With nearly all of the vote counted, the margin between Mr. McCormick and Dr. Oz was well under one-half of one percent, the threshold to trigger automatic recounts for statewide races in Pennsylvania. Before that can happen, thousands of mailed-in votes are still to be counted from counties across the state.

Whoever emerges from the Republican Senate primary will be on a ticket with, and will probably be asked to defend positions taken by, Mr. Mastriano. He has run a hard-right campaign and enters the general election as an underdog to Josh Shapiro, the state’s Democratic attorney general.

In Ohio this month, J.D. Vance received 32 percent of the vote. In Nebraska last week, Charles W. Herbster got 30 percent. And on Tuesday alone:

  • Dr. Mehmet Oz was hovering around 31 percent of the vote in Pennsylvania.

  • Bo Hines took 32 percent in a House primary in North Carolina.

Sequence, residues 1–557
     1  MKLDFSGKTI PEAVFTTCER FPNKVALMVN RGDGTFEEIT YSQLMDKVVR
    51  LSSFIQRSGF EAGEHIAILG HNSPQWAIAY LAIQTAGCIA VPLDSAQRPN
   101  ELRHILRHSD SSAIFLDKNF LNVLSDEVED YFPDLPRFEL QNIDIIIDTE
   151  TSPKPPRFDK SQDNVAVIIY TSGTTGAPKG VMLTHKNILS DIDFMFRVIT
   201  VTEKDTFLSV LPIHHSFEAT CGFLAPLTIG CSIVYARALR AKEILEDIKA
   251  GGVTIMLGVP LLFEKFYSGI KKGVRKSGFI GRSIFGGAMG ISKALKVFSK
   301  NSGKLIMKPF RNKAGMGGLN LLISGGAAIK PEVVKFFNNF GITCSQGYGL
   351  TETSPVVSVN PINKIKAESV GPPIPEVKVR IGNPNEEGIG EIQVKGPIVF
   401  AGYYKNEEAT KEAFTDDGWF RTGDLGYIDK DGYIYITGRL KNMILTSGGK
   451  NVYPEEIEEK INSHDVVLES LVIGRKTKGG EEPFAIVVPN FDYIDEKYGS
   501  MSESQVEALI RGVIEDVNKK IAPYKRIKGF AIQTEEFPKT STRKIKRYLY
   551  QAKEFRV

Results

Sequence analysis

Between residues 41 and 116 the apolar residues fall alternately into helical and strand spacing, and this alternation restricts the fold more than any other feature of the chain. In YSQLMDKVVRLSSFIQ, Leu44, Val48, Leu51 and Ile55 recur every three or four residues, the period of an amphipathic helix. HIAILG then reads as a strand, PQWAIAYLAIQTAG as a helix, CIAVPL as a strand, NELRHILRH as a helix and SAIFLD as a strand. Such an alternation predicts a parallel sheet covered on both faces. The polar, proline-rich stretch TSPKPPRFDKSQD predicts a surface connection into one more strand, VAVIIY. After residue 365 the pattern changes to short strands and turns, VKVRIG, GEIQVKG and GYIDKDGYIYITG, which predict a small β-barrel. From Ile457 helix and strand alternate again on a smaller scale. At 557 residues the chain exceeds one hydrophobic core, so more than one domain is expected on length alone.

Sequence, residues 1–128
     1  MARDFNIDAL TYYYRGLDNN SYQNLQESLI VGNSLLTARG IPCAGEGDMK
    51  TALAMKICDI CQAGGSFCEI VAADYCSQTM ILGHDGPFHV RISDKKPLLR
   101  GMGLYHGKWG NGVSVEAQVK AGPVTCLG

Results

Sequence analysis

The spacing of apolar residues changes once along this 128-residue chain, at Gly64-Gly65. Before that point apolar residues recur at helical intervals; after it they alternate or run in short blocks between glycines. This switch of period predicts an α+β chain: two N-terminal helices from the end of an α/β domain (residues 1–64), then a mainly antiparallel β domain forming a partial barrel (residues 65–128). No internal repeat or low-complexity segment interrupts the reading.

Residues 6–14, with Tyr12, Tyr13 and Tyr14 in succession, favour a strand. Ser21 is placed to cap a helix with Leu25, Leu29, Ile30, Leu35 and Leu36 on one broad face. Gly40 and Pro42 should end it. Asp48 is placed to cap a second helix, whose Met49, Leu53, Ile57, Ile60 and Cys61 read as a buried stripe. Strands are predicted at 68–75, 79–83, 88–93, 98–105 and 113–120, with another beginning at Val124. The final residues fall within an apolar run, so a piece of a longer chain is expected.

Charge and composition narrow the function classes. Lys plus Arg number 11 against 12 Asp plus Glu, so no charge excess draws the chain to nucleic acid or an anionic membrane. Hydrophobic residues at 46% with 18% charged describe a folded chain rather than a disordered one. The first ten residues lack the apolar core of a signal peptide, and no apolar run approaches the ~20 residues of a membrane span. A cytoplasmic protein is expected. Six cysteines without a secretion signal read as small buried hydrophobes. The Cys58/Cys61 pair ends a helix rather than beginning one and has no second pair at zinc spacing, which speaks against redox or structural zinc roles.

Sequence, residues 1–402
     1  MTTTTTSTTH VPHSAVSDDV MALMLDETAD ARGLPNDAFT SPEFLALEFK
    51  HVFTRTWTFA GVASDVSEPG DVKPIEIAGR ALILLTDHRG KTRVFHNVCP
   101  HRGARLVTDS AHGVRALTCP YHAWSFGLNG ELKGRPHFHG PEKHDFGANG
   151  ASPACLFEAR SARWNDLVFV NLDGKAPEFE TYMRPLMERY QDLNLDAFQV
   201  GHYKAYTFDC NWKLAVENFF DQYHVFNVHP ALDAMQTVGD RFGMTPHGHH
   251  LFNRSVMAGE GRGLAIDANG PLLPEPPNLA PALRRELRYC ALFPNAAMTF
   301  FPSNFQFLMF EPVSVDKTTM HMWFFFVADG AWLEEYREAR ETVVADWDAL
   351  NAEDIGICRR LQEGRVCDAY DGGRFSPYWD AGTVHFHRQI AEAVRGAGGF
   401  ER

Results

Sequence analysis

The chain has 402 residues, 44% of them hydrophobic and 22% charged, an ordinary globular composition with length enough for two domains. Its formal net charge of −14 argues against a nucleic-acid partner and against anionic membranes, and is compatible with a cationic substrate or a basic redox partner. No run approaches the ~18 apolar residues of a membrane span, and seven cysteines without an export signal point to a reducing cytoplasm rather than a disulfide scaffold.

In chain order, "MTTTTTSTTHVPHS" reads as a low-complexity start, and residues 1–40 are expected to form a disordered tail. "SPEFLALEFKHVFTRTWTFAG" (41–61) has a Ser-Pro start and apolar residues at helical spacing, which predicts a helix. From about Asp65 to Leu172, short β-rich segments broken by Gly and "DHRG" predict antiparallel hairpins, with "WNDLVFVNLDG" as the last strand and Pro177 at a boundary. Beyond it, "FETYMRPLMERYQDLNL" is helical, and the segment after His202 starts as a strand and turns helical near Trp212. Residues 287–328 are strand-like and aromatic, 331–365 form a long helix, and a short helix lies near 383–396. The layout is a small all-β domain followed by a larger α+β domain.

• Lt. Gov. Janice McGeachin of Idaho lost her primary for governor with about a quarter of the vote.

All of these candidates were endorsed by Mr. Trump in competitive primaries. And the outcome of these races has established the value of his endorsement in 2022: About one-third of Republican primary voters will back the Trump candidate.

In some races, like Mr. Vance’s for Senate and Mr. Hines’s, that’s enough to win and for the former president to claim credit. Elsewhere, as in Mr. Herbster’s bid for governor, the Trump-backed candidate fell short.

To be sure, Mr. Trump has won far more races than he has lost, and he saved face on Tuesday night with his late endorsement of Mr. Mastriano as polls showed the Pennsylvania candidate with a strong lead.

Mr. Trump’s early endorsement of Mr. Budd in North Carolina’s Senate race choked off support and fund-raising for Mr. Budd’s establishment-minded rivals, including former Gov. Pat McCrory.